The supply of certified applied behavior analysis (ABA) providers is insufficient to meet the needs of children with autism in nearly every U.S. state, according to a study published in Psychiatric Services this week.
The rising prevalence of Autism underscores the importance of access to evidence-based interventions such as ABA. An estimated one in 59 children had autism in 2014, up from one in 125 a decade earlier, according to the Centers for Disease Control and Prevention.
ABA uses behavioral learning principles to help children with autism increase positive behaviors and social interactions and decrease problematic behaviors. It is the recommended treatment for children with autism and is supported by more than 30 years of research. ABA is most effective when it is started in early childhood and the therapy is provided between 20 and 40 hours per week.
Study authors Yidan Xue Zhang, M.C., and Janet R. Cummings, Ph.D., with the Rollins School of Public Health, Emory University, Atlanta, used 2018 data and compared the per capita supply of certified ABA providers in each state with a benchmark established using the board’s guidelines. They found that the per capita supply of certified ABA providers fell below the benchmark in 49 states.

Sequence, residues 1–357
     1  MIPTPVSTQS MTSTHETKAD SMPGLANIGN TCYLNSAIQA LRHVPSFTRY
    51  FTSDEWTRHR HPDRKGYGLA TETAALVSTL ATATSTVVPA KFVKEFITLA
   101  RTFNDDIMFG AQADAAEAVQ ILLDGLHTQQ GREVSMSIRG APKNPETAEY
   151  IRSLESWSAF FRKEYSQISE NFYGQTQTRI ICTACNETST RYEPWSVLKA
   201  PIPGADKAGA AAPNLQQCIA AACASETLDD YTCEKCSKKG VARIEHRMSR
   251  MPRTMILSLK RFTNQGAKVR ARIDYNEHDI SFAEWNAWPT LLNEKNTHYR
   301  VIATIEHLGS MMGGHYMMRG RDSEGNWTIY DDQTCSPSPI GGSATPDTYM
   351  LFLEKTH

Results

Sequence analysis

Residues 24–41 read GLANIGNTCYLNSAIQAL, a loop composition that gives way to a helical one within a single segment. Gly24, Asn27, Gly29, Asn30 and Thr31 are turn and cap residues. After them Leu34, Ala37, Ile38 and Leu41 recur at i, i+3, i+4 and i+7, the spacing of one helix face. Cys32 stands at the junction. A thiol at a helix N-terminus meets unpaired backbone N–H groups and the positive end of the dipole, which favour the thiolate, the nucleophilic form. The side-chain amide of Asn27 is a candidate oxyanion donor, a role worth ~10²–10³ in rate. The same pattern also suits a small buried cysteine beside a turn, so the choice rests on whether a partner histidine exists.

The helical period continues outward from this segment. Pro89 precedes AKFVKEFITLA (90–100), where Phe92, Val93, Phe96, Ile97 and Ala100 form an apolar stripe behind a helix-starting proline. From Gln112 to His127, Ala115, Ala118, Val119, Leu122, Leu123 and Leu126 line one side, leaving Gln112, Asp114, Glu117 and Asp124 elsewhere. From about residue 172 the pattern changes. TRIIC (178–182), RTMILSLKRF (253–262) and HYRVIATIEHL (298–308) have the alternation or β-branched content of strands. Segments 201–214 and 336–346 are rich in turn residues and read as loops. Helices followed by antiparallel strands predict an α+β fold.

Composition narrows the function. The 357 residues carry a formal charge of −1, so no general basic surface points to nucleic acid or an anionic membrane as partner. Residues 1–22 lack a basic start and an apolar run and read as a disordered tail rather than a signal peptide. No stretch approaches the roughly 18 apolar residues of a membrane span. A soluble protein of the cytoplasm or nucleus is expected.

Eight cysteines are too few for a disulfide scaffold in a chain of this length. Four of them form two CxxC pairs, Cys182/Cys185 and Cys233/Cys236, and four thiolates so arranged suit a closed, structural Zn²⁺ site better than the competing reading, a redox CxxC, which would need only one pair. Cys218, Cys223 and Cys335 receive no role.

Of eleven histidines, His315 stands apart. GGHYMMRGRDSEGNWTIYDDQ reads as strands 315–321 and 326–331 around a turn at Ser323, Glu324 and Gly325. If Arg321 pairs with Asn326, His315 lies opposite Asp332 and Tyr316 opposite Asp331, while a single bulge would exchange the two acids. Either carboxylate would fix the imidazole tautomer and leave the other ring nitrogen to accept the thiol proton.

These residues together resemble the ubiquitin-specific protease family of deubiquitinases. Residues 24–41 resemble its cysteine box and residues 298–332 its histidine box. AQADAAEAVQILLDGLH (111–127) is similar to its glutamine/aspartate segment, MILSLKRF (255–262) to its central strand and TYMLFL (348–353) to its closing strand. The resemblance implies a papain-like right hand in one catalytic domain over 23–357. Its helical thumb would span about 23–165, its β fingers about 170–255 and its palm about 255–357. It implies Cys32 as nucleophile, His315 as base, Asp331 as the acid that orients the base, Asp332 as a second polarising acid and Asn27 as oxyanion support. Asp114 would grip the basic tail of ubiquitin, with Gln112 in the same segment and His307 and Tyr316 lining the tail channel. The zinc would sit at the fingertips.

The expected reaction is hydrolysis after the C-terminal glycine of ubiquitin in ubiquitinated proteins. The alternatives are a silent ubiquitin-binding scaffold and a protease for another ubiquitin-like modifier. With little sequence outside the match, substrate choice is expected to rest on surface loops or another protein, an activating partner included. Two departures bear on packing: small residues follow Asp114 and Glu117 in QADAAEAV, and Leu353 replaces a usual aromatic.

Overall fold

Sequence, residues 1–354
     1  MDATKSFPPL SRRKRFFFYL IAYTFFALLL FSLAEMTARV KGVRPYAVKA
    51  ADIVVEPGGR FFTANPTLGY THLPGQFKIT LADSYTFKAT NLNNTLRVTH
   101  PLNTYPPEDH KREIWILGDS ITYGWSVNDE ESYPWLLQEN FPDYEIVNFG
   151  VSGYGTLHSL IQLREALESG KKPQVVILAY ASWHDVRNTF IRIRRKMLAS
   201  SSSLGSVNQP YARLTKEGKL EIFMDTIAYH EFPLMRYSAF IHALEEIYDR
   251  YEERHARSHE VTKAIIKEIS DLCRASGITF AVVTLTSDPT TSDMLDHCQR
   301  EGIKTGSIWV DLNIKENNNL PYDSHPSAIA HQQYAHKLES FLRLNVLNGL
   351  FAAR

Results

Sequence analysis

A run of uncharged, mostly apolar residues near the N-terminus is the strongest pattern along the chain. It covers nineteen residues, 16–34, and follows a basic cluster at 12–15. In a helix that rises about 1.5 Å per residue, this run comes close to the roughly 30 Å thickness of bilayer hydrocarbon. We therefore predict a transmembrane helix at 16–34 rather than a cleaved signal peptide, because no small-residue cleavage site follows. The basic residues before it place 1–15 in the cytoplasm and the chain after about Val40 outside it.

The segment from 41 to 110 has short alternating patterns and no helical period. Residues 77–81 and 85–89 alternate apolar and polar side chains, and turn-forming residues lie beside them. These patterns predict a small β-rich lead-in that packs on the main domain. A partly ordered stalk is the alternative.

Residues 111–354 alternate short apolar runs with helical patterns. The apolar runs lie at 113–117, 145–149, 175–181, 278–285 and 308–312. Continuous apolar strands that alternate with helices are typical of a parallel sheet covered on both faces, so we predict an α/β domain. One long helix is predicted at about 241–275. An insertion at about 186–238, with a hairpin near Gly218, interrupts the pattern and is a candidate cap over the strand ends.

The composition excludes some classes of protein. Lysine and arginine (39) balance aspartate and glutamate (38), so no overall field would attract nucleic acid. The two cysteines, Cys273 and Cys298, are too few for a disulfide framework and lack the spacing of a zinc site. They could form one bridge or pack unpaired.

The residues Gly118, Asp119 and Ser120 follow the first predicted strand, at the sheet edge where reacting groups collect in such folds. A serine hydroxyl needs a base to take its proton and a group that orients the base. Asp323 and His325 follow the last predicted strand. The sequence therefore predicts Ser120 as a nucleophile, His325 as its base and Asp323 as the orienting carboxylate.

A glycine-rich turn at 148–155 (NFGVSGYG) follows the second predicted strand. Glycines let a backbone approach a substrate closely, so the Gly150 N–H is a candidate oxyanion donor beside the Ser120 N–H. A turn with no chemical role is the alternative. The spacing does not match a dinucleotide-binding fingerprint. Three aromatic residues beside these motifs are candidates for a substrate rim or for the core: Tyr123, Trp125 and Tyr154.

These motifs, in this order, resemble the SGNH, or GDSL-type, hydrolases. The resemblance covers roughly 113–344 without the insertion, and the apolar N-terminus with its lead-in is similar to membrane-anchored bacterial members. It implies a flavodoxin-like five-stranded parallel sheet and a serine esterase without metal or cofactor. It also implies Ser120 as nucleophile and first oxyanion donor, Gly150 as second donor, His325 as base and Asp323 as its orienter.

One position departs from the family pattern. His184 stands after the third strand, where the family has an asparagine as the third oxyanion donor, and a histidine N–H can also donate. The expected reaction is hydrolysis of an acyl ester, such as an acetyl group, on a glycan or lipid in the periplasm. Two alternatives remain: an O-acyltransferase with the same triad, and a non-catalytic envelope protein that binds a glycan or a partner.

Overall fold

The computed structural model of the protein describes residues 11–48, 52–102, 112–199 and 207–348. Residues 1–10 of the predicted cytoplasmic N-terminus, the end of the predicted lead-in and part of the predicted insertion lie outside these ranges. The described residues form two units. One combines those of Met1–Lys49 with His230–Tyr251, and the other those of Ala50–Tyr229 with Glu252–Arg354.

In addition, the study found that states with higher public education spending had significantly more certified ABA providers per capita than states with lower spending. Similarly, states with higher median household income had more certified ABA providers per capita.
This study provides the first known examination of the supply and geographic variation in certified ABA providers. The authors conclude that new workforce policies are needed to increase the supply of certified ABA providers to ensure that youth with autism have access to evidence-based interventions.